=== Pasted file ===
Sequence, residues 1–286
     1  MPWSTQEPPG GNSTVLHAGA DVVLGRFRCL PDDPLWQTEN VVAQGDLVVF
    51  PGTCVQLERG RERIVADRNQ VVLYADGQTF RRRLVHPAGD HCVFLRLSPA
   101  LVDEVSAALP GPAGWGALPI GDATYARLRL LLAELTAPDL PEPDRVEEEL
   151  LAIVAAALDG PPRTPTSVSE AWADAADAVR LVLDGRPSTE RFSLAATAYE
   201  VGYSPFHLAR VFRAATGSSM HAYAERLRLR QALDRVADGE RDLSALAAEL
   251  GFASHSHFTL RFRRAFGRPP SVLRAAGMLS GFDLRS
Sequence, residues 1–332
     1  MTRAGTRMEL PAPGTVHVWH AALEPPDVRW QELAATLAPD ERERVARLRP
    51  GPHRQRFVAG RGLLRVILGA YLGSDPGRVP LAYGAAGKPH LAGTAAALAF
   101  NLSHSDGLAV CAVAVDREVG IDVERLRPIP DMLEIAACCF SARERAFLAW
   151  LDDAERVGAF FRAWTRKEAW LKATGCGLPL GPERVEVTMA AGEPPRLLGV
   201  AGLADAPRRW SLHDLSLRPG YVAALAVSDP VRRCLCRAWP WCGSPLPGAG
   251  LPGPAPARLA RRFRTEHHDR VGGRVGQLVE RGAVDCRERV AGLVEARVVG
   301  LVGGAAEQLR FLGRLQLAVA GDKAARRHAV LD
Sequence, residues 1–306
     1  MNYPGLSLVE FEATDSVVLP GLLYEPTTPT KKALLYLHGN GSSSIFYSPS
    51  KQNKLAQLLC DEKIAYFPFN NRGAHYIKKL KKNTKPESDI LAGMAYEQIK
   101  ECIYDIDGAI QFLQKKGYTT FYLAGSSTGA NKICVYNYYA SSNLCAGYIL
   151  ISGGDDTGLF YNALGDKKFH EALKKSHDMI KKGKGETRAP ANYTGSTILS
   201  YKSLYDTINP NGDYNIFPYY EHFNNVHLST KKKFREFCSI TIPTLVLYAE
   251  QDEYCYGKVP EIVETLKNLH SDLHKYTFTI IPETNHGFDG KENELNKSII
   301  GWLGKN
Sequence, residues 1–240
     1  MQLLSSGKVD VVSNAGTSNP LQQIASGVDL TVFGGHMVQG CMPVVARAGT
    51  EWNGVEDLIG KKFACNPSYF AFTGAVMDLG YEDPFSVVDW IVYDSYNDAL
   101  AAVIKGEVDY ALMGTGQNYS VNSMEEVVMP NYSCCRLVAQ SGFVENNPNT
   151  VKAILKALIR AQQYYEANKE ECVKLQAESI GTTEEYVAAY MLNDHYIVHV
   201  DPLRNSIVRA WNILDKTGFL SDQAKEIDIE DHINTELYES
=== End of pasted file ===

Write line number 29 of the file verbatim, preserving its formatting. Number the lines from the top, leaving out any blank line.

   201  DPLRNSIVRA WNILDKTGFL SDQAKEIDIE DHINTELYES